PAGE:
IPOs, 101

When a friend IM’d me and told me she saw an article saying that MongoDB had filed for IPO, I embarked on a months-long journey of discovering that I knew nothing about IPOs. I found it a bit difficult to get information about them, so I figured I’d write up what I learned. This is mostly from other people/things I read online, so please leave a comment if I got anything wrong/missed anything.

An IPO is a chance for the company to raise funds. Being a publicly-traded company also forces them to have more transparency in accounting and other good things, but the IPO itself is mostly a fundraising event: the company is selling X shares for $Y.

The first thing a company does is find some underwriters, which are large banks who try to sell the offering. Then the company files a confidential S-1 (probably). The confidential version lets them go back and forth with the SEC and iron out any details. Apparently there have been some embarrassing S-1s in the past where companies gave out trade secrets, had blatantly bad accounting, etc. Generally this stage will last a while, as the SEC tends to have suggestions. The SEC could come back with major issues and the company might decide not to file after all. Basically, at this point, you know nothing about anything. But there’s hope.

If all goes well with the SEC, the company will publicly file their S-1. You can find public S-1s on Edgar, the SEC database, but this will still give you approximately no information. Okay, it has profits and losses and risks and all sorts of information that you’re probably interested in if you’re an investor, but if you’re a techie you’re probably looking for the opening price and that probably won’t be there yet. This is because the company will keep amending the S-1 as the IPO approaches. I recommend subscribing: you can ask Edgar to alert you every time there’s activity for a given company.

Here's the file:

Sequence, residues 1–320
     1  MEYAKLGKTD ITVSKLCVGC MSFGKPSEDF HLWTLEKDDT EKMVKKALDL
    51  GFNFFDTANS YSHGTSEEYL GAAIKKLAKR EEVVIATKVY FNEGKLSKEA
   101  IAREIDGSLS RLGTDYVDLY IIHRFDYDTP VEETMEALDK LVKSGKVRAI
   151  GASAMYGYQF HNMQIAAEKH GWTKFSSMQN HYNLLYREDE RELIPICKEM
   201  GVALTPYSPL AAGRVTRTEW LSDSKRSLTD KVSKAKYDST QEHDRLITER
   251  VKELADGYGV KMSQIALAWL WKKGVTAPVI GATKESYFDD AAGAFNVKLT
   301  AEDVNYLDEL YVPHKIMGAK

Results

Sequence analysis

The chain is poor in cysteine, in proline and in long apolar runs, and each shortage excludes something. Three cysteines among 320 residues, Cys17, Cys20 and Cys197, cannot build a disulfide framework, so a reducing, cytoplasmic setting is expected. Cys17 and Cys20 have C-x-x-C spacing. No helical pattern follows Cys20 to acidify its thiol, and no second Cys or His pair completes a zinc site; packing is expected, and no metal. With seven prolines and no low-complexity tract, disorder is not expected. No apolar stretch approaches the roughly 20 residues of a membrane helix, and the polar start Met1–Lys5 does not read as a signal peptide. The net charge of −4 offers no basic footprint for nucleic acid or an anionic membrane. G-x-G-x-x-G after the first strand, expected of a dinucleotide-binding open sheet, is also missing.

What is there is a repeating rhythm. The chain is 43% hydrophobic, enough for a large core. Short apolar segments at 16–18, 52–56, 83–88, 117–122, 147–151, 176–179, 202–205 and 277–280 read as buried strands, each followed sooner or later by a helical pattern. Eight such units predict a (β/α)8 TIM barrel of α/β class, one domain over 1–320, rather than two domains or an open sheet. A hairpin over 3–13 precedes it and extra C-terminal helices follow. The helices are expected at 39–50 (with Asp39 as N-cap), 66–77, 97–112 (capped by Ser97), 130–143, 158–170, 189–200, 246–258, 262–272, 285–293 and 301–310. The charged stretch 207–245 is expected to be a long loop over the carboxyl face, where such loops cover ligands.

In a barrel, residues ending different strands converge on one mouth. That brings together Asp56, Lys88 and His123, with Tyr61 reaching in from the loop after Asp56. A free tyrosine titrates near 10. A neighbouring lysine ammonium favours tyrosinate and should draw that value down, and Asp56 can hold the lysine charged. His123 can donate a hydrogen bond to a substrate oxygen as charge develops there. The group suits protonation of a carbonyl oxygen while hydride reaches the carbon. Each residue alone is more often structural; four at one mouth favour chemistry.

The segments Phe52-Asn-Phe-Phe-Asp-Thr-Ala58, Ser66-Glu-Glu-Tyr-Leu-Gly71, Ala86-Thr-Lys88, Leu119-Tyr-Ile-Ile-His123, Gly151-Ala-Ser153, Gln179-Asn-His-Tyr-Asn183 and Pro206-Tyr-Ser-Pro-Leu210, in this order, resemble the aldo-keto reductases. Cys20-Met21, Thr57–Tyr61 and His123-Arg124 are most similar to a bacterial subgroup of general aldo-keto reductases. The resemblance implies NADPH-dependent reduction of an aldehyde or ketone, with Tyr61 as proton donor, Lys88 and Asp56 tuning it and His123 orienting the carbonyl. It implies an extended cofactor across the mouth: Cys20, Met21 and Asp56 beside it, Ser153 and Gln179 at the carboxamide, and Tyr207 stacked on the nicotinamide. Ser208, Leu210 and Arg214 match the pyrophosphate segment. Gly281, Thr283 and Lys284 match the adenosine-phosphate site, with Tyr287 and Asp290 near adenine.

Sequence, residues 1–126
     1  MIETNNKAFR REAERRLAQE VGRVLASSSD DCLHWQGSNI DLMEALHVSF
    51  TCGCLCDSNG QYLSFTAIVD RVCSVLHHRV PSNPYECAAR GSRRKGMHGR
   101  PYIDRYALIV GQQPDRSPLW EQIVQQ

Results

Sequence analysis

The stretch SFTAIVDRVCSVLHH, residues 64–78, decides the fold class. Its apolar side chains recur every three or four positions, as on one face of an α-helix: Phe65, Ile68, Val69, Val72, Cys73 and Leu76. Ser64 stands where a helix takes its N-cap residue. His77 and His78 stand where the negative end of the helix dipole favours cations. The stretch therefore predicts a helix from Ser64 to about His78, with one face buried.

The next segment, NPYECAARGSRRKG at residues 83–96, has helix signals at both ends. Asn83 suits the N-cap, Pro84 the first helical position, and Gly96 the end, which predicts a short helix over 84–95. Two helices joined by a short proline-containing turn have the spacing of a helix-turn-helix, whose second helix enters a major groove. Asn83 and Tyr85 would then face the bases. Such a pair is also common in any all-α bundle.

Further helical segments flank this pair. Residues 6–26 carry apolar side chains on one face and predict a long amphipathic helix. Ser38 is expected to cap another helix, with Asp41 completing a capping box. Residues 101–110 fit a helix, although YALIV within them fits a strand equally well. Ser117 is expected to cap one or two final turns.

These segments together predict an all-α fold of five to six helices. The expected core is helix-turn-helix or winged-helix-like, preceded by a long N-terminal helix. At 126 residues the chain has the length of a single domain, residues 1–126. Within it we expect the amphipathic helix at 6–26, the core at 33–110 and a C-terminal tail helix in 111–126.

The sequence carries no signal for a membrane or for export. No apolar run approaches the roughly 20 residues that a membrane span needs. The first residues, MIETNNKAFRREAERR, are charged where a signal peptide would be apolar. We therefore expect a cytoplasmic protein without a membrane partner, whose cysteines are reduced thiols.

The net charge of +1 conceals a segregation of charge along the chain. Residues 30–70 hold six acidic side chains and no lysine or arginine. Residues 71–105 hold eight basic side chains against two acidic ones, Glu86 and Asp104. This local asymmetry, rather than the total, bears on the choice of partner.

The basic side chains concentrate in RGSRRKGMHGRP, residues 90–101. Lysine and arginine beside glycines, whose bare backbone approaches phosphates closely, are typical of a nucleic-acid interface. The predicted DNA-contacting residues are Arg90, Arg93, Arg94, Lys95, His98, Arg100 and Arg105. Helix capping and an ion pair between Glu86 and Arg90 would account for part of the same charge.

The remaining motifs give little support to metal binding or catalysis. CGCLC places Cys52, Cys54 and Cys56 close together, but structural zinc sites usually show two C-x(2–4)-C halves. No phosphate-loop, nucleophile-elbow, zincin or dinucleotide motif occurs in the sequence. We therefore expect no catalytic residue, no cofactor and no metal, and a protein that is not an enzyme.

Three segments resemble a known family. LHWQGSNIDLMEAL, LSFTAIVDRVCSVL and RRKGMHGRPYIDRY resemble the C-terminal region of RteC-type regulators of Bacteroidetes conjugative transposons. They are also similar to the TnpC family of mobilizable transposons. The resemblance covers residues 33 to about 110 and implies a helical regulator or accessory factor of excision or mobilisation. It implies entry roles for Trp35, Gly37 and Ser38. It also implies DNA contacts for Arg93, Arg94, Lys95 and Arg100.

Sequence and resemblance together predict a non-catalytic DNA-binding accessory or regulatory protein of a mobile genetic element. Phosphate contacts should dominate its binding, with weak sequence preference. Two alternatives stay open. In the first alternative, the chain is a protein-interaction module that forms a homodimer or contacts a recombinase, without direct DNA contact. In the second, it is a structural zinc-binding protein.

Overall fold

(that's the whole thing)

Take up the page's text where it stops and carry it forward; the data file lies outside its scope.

At a certain point, the IPO date will be announced. You can find a calendar of upcoming IPOs on the stock exchange’s website (e.g., NASDAQ’s calendar). One thing I found confusing was that the day listed was actually the day before what I’d think of as the IPO: the day listed is the “pricing day” when they decide on the price to open at. About a week before this date, a possible opening price will be announced (i.e., the S-1 filing will be amended). This is subject to change, MongoDB’s original projection was $18-$20, then $22, then ended up opening at $24.

Some companies will do a “road show,” where they present what the company does to investors. Honestly, if MongoDB did one of these, I totally missed it. Of course, I’m not the target audience, so maybe it happened.

Around this time, the underwriters will find institutional investors to buy the initial offering. At the point the stock goes on sale, hopefully a large portion of offering has already been spoken for. However, the company doesn’t want the entire offering to be spoken for, so they can take advantage if the price “pops” on the opening day.

Another thing underwriters do is gauge excitement and try to choose a good opening price. A good opening price is as high as possible (to raise the maximum amount for the company) while still allowing it to “pop” sufficiently the first day. There is a psychological factor here (investors like it when the stock jumps the first day) and a practical one: the investors the underwriters convinced to invest in the IPO want to get a 20-30% return. In one day. This blows my mind: if you want to make money off of a startup, obviously the best way isn’t to be involved in one at all. Just work on Wall St. Sigh.